Vitamin B12 and hepatitis C: molecular biology and human pathology.
Lott WB; Takyar SS; Tuppen J; Crawford DH; Harrison M; Sloots TP; Gowans EJ
Proc Natl Acad Sci U S A 2001 Apr 24;98(9):4916-21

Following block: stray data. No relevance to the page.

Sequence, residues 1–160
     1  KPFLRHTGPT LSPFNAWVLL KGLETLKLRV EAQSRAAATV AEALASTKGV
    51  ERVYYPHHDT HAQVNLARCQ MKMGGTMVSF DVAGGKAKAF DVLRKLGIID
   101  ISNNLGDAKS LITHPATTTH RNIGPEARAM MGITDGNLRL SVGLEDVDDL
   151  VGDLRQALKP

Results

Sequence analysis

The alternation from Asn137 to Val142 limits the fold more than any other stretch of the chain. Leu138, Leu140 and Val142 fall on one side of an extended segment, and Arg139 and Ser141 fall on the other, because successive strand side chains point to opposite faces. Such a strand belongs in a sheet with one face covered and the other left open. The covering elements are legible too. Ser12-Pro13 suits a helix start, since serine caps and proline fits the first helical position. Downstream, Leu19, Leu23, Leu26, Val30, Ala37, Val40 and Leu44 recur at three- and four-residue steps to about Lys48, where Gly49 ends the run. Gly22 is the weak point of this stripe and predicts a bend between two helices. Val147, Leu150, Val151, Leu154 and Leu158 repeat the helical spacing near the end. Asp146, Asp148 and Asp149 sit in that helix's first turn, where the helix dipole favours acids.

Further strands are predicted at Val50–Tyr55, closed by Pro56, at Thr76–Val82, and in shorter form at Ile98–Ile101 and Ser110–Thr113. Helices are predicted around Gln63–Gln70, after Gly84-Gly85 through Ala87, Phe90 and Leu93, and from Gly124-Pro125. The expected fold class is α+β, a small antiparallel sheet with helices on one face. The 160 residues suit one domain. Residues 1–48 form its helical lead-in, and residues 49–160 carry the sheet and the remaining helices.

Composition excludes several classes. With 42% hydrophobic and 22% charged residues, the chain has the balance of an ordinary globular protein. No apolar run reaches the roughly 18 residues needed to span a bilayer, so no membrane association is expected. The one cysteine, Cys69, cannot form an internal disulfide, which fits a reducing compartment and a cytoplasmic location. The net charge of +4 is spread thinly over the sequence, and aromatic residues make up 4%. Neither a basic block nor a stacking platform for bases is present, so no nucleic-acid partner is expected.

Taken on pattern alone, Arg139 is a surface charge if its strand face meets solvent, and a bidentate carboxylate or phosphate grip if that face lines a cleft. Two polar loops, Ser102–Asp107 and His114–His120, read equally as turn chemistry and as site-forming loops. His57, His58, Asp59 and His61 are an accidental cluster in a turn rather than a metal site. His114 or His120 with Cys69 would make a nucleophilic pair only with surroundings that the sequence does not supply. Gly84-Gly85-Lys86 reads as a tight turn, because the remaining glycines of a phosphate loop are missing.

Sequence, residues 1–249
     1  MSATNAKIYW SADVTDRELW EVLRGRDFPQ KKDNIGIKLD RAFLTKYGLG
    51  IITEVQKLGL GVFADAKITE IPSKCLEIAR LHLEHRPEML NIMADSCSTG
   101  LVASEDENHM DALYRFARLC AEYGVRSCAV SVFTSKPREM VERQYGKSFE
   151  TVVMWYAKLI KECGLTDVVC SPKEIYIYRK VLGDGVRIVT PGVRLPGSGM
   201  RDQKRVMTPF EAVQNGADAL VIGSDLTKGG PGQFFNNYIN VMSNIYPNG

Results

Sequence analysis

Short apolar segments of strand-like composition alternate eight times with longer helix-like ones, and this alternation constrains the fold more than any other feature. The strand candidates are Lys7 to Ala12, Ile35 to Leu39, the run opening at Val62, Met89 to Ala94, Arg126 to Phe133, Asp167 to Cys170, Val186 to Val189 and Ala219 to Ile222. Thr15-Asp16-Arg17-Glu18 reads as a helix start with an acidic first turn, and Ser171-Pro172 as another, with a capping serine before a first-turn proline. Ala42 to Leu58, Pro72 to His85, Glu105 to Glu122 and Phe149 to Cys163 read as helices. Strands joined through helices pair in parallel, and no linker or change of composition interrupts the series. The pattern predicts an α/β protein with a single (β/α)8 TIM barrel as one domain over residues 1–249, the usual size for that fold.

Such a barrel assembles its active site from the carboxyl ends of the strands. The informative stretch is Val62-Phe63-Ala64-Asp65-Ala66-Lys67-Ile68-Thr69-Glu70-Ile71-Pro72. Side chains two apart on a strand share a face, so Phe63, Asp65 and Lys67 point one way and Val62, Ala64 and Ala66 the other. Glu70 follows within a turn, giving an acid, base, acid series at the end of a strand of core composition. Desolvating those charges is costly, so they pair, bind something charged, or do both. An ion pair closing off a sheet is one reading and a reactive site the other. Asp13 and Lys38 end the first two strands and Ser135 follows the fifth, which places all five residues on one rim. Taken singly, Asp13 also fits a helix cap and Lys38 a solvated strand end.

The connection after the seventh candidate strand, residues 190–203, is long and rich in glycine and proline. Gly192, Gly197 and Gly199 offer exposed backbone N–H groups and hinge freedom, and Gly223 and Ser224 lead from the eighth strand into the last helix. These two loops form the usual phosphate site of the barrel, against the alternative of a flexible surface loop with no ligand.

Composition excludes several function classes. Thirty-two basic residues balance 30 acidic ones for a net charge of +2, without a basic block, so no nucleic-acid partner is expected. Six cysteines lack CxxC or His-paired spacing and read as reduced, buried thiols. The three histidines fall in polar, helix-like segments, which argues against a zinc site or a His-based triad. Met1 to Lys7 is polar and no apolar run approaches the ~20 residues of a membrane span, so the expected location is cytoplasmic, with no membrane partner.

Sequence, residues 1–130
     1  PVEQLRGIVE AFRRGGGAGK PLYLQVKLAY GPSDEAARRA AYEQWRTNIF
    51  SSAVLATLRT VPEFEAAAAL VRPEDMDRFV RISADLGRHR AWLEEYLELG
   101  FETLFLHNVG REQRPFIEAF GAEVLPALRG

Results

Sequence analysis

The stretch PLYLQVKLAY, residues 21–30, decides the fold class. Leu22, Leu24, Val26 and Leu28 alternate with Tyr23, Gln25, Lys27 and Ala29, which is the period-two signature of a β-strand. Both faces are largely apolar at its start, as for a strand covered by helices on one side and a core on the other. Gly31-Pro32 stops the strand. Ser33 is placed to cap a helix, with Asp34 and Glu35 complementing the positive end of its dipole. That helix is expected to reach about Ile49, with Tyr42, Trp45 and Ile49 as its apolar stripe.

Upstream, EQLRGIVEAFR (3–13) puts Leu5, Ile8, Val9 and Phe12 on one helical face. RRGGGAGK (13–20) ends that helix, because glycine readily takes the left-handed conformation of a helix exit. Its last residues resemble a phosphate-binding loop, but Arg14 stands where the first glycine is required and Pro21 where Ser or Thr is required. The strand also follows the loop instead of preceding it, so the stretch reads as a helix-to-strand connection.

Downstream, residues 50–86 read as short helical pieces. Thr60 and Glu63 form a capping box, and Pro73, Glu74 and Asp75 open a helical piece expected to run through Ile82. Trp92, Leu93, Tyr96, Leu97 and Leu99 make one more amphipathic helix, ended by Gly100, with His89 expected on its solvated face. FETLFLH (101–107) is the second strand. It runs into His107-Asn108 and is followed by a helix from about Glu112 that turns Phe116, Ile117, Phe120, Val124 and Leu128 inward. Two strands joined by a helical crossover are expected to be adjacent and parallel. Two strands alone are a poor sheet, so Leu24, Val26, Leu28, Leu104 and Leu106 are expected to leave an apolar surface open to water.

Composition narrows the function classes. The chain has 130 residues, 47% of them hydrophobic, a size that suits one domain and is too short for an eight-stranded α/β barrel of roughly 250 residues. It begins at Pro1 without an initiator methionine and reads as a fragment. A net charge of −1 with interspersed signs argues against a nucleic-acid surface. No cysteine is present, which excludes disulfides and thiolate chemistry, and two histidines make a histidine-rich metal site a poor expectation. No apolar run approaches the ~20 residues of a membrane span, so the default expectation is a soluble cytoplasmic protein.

Cobalamins are stored in high concentrations in the human liver and thus are available to participate in the regulation of hepatotropic virus functions. We show that cyanocobalamin (vitamin B12) inhibited the HCV internal ribosome entry site (IRES)-dependent translation of a reporter gene in vitro in a dose-dependent manner without significantly affecting the cap-dependent mechanism. Vitamin B12 failed to inhibit translation by IRES elements from encephalomyocarditis virus (EMCV) or classical swine fever virus (CSFV). We also demonstrate a relationship between the total cobalamin concentration in human sera and HCV viral load (a measure of viral replication in the host). The mean viral load was two orders of magnitude greater when the serum cobalamin concentration was above 200 pM (P < 0.003), suggesting that the total cobalamin concentration in an HCV-infected liver is biologically significant in HCV replication.